Story 1 The Game Is On
Summer, 2001: Secret negotiations between the governments of the US and Mexico break into front page news, igniting a national debate on the overhaul of the U.S. immigration system that reflects the country's split over the issue. Advocates see the pro-reform perspective shared by President Bush and Senators Ted Kennedy and Sam Brownback as an incredible alignment of the stars. Then 9/11 attacks shatter any hope of comprehensive reform. But around the country, the issue resurfaces in November's local elections. In a heated city council race in Iowa, we discover the seeds of the battle to come.
The thing that got us hooked on this story back in 2001 wasn't a passionate political position, but a report from a Washington think tank, a groundbreaking study by noted migration expert and founder of the new Migration Policy Institute, Demetri Papademetriou. Demetri and his team reframed the immigration debate in economic terms and outlined a plan to fix every aspect of American immigration policy in a way that would also offer millions of people living here illegally a way to become citizens.
All summer there had been secret negotiations between the governments of the US and Mexico based on that paper, but when the news broke on the front page of The New York Times, it ignited a debate that reflected this country's split over the issue. Now, to heighten the drama that much more, President Vicente Fox of Mexico is scheduled to make the first state visit to the White House of the still-young Bush administration in early September. In preparation, both sides of the debate, pro-immigration advocates and the growing movement that opposes illegal immigration led by Congressman Tom Tancredo, gear up for the publicity and opportunities ahead.
For advocates like Frank Sharry and his colleagues, the pro-reform perspective shared by the new President and supportive Senators like Ted Kennedy and Sam Brownback is an incredible alignment of the stars. The Bush administration itself is clearly still divided over the issue, but on September 6th, President Bush faces cameras on the south lawn of the White House with President Fox and announces his support for the legalization of millions of undocumented workers.
The think tank idea has moved a long way! At a Senate hearing the following day, even the formerly adversarial but esential partners for such a deal -- the business community and the labor movement -- are represented by their national leaders, explaining why they would support a Grand Bargain compromise on immigration, and pledging to give it a try. On the dais, Senators Kennedy and Brownback promise to bring along their respective parties. Backstage negotiations proceed furiously from there, with talk building that a bill will be passed into law before the end of the year.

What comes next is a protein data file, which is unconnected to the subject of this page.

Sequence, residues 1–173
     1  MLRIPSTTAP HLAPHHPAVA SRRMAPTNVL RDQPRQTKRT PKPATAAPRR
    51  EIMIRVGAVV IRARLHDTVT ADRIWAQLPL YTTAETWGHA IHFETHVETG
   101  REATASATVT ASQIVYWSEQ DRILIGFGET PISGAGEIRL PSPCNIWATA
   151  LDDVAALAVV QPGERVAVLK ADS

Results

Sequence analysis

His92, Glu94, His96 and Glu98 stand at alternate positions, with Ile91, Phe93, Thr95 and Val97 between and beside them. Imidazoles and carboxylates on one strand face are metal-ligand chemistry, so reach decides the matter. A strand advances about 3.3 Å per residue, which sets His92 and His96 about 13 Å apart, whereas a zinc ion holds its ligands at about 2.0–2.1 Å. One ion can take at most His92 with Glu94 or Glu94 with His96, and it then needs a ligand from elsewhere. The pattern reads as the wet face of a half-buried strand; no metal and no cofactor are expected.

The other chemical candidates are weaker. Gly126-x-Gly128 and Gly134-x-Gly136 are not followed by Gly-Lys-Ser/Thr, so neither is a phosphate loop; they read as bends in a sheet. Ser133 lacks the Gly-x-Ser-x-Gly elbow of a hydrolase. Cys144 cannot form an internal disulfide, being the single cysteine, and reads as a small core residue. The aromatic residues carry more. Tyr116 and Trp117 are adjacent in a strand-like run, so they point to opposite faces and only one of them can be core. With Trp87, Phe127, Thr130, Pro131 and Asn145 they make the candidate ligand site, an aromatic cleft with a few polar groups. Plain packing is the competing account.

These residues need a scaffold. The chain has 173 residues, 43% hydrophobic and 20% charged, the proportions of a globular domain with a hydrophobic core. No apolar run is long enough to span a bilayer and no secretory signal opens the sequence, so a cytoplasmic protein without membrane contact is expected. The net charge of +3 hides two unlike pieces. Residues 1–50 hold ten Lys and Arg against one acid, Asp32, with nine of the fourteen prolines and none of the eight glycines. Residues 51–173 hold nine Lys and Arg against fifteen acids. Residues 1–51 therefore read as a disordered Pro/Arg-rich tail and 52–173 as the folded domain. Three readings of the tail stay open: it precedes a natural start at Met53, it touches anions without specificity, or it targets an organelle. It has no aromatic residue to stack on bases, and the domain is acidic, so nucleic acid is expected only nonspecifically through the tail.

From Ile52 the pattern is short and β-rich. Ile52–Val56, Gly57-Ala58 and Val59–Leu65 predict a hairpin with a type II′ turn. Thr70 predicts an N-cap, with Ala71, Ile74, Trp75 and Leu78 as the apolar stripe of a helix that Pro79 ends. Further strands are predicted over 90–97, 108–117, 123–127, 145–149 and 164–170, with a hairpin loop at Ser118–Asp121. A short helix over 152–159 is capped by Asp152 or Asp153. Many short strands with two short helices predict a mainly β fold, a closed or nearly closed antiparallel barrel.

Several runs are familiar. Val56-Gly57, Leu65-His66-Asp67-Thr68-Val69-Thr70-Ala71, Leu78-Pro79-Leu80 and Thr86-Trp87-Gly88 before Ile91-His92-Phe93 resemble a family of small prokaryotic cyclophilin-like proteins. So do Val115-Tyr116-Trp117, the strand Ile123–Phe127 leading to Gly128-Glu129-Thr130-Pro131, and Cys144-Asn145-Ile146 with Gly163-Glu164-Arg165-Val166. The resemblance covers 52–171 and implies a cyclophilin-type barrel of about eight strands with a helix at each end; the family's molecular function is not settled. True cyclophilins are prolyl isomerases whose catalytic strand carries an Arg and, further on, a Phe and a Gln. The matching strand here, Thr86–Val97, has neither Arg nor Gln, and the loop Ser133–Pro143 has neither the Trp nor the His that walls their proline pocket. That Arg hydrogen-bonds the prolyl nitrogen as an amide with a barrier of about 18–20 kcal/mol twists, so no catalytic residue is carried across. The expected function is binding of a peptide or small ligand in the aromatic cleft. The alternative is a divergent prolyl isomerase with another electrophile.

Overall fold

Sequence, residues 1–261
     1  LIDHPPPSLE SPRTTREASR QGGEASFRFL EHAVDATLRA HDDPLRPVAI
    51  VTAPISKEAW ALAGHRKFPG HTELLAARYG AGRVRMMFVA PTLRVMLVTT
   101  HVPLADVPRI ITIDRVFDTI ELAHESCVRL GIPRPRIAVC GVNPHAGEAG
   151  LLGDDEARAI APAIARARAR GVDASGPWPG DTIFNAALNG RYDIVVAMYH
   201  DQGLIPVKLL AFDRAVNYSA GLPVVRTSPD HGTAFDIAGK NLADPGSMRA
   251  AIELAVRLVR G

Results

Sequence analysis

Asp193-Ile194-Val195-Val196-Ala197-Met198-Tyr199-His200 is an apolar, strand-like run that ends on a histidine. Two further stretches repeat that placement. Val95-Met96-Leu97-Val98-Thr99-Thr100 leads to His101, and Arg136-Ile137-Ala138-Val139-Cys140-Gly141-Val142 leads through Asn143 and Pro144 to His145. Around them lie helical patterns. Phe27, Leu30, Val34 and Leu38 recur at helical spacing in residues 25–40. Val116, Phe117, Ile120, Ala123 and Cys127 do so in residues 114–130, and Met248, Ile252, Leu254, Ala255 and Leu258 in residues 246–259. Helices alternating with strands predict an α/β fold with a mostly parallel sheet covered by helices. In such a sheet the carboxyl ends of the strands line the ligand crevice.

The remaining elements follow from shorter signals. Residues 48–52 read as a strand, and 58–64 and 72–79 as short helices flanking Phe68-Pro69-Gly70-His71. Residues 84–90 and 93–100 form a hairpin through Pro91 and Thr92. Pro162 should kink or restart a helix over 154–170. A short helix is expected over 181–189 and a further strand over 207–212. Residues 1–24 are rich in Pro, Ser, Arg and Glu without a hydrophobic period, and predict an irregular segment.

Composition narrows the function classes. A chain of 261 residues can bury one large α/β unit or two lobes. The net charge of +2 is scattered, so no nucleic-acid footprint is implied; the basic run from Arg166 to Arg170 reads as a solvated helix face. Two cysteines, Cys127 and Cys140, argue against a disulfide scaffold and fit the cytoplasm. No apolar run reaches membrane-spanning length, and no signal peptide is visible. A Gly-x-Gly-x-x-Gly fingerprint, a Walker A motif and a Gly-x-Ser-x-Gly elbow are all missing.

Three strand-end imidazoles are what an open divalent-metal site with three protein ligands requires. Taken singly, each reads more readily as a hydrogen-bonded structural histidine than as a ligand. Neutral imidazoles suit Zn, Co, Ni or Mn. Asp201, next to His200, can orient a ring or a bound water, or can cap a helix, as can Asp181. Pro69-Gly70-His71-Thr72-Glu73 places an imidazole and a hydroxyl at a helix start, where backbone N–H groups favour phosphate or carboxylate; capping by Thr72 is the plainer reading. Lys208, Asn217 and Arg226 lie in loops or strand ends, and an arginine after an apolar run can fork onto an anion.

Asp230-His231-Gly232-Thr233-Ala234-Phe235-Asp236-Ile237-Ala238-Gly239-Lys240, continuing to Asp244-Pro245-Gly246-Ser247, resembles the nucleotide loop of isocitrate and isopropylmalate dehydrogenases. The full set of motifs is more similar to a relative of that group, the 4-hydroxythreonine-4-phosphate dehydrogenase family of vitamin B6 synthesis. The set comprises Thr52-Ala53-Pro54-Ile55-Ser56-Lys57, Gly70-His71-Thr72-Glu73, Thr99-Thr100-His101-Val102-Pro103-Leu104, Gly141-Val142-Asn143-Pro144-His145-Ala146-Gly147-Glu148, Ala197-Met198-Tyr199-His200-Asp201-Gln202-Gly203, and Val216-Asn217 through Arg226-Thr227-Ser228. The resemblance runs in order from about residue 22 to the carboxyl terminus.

Five days later, on Tuesday, September 11th, any hope of comprehensive reform vanishes. All thought turns to security. The pro-immigration advocacy community is in shock, then mourning. No one in Washington will be talking about immigration for a long time to come.
But around the country, the issue is still unresolved. Earlier that summer, a town in Iowa called Mason City had attracted national attention when the immigration argument broke into the public square, then made it onto the CBS Evening News. A national anti-immigration organization, Project USA, had enlisted local grandmother Janice Easley to maneuver their Truthmobile into the high school band parade.
Now, with Janice's help, straight-talking city council candidate Max Weaver, a man with a history of ruffling feathers, is running to unseat incumbent Lori Henry in the upcoming election. Lori has been saddled with the implementation of a new plan by the Governor's office to "create a welcoming environment for newcomers" to the state. This Model Cities Plan is controversial for many reasons, and Lori's personal run-ins with Janice only add confusion to the controversy. All of a sudden the issue of immigration is at the center of the city council race.
Near the end of the campaign, Frank Sharry travels to Iowa to give a media training seminar in strategic communications on immigration to the Model Cities administrators around the state. It's a eureka moment for Lori, whose views on immigration have been shaped by her work teaching English as a second language.
"Where were you six months ago before I made all these mistakes?" she asks Frank. The next day, she wins re-election to Mason City's city council.
A couple of months later, back in Washington, Frank's community is making a first stab at starting all over. In a big tent conference at the end of January, they asses the new landscape, as Demetri tells a packed conference hall, "Take everything you ever wanted for immigration reform before 9/11, and put it in an envelope, clearly marked SECURITY".
Things are different now, as dark reports on backlash around the country and especially in Iowa confirm. Grassroots activists are rallying against the "New Iowans" initiative, with a message as anti-corporate as it is anti-immigrant--agribusiness wants cheap farm labor which amounts to importing poverty. But Frank's colleague Angie Kelley reminds the audience just how close they had been on September 10th, in a meeting at The White House. Not everyone agrees on the way forward, but Frank does his best to encourage them to begin again where they left off.
Back in Mason City, things keep on changing. Janice takes on another grassroots cause, Max wins his next three City Council races, and Lori begins to see a clear new direction for her life. The complicated, vital and terribly American relationship to "the immigration issue" weaves through every bit of it.